top:2px;padding-right:5px;font-family:times;”>Last week, La Reine and her husband were shopping on Worth Avenue in Palm Beach when The Big Guy wandered into some boring boy’s boutique, leaving La Reine to her own devices. When he found her, mere minutes later, she was deep in discussion with a sales clerk at Hermès who was profusely apologizing that she couldn’t pack her purchase in the standard Hermès bag.
Store policy was that all sale items had to go home in a plain white sack. Not that La Reine cared… she was downright giddy that she had stumbled onto a mysteriously-legendary-Holy-Grail-alluding-type-of-designer-goods-sale that typically evades the average shopper. La Reine had found a pair of Hermès sandals (in the most perfect shade of neutral red) reduced from $485 to $190 – a discount that even my number-crunching, CFO husband (who is aghast at the idea of spending $200 on a pair of women’s sandals) can respect.
La Reine, wisely, didn’t show all her cards to the clerk. She contained her excitement until once outside the store and demurely accepted the clerks apologies with a disappointed nod of acknowledgement before happily accepting a peace offering of an extra Hermès ribbon tied around the signature orange shoebox.
Listening to La Reine recount the tale of her conquest, I must admit I realized that my personal Hermès prowess was sadly lacking as I own only a few Hermès scarves – all of which were gifts from a dear friend. I realized that had I been in Palm Beach instead of La Reine, I might have missed out on this sale since my “luxury goods antennae” isn’t as finely tuned as hers.
I decided I was failing as a Diva. I had to rectify this at once. I needed an Hermès education!
Enter 2 Parisian pals. Jennifer B. is an all-around Hermès guru and has been wearing Hermès since she was a Boston teenager. She has that “classy New England look” perfected. After moving to France, she took Paris by storm, teaching expat wives and fellow American’s her Hermès scarf tying tricks and sharing shopping secrets in private workshops for the WOAC and AWG. Somewhere along her diva-dom days, she met and befriended Rebecca Magniant, the gorgeous founder of Chic Shopping Paris, and eventually went to work part time for Rebecca as one of her tour guides.
Rebecca is simply one of the most stylish people I’ve met in real life. We were once on the same flight from Paris to Atlanta and while the rest of the passengers climbed from the cabin through customs with bleary eyes and matted-down hair, Rebecca appeared perfectly pressed, fresh and energized looking like she just stepped out of an ad in Vogue. I don’t know how she does it, but I devour her hip shopping blog in hopes of learning at her knees how to be a true “Style Diva”. And while the blog is great, I am anxiously awaiting the release of her new book Chic Shopping Paris, an absolutely quintessential shopping guide to the 21 arrondisments, packed full of les plus bonnes adresses de Paris!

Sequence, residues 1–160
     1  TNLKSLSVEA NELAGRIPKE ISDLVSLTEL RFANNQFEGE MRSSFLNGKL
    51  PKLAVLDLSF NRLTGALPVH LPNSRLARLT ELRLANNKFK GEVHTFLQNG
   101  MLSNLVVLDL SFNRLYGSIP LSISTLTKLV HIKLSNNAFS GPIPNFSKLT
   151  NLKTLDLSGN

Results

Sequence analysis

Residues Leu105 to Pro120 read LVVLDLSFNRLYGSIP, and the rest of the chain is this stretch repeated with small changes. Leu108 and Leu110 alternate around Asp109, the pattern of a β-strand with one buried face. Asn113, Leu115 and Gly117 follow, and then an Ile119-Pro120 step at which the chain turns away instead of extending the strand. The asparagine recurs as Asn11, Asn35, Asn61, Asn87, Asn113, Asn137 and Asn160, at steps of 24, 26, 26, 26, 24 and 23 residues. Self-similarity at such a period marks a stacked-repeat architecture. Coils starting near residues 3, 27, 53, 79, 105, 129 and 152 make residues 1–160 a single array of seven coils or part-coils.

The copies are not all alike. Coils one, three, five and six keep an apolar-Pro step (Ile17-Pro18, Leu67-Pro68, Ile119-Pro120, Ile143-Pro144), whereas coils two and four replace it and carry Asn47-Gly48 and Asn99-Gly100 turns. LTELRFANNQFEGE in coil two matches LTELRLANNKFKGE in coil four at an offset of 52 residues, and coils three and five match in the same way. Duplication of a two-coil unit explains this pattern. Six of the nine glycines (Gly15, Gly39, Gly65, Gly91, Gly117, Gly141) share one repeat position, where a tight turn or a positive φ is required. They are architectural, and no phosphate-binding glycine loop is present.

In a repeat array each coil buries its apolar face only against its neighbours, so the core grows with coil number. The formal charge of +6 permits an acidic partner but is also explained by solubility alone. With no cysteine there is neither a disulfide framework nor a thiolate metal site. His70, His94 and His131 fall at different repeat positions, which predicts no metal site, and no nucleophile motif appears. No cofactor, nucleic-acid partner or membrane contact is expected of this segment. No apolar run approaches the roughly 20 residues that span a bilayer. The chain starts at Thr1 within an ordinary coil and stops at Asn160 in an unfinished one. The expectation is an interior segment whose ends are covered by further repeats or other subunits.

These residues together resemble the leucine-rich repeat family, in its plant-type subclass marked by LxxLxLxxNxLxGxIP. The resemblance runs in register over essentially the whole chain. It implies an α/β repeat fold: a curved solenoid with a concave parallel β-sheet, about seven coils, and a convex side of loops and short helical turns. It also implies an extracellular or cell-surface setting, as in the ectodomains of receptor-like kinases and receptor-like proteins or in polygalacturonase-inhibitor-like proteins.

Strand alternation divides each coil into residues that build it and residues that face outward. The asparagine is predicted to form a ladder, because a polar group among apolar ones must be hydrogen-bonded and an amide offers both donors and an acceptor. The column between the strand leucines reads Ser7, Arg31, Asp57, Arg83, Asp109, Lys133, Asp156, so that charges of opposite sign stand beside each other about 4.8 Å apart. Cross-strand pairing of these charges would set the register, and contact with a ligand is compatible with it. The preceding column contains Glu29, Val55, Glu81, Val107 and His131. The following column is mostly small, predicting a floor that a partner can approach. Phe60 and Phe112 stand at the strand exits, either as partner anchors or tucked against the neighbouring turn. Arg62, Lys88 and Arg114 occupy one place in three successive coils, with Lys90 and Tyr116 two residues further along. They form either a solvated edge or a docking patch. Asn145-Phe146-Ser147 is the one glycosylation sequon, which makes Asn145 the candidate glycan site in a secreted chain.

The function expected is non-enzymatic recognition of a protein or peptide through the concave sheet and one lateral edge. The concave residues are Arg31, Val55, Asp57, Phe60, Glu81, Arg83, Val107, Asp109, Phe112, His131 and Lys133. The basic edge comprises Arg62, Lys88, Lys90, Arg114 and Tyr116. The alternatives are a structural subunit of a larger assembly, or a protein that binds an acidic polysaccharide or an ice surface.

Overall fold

Rebecca and Jennifer have been friends for years and have let me scurry around in the dazzling peripherique of their lives. So when I realized I needed help, I went straight to the source – I present to you:
Revealing Hermès Shopping Secrets
It’s kind of funny… since having a baby, my motto has changed from an attitude of “It’s not a good day without wearing an Hermès scarf” when I first moved to Paris five years ago to my present day, post-baby daily routine involving a spray of my favorite Hermès perfume and using the homemade Hermès burp cloth that a friend gave me to clean up after my daughter. By the way, shoppers, save that Hermès ribbon and use it to accessorize anything from a baby’s burp-cloth to a tres chic pelmet board!! And remember that your shopping bags can even be sold on Ebay, earning you money to buy more Hermès!
I have to ask myself, “Is any purse worth $10,000 or more?” Maybe if it is made-to-order and by hand in France. I don’t want to name names, but I can think of one famous French luxe brand that is mass produced and not even true leather…. Hmm, think I will hold out for that vintage to-buy-an-AUTHENTIC-Hermes-Birkin-or-Kelly-Bag
_W0QQugidZ10000000000110367″ target=”_blank”>brown crocodile Kelly bag, named after Grace Kelly.
Believe it or not, but on one of my tours.htm” target=”_blank”>CHIC SHOPPING PARIS TOURS, I had someone buy a Kelly Bag at “the puce” for 5K – a bargain! Like La Reine found out, luxury goods bargains are out there. Last time I was in Vintage Expert Didier Ludot’s Palais Royale shop, he confided “tonpost.com/wp-dyn/content/article/2006/06/28/AR2006062801276.html” target=”_blank”>Kelly Bags are everywhere. Birkin’s are much harder to find.” You must check out his store — he does have some premium pieces.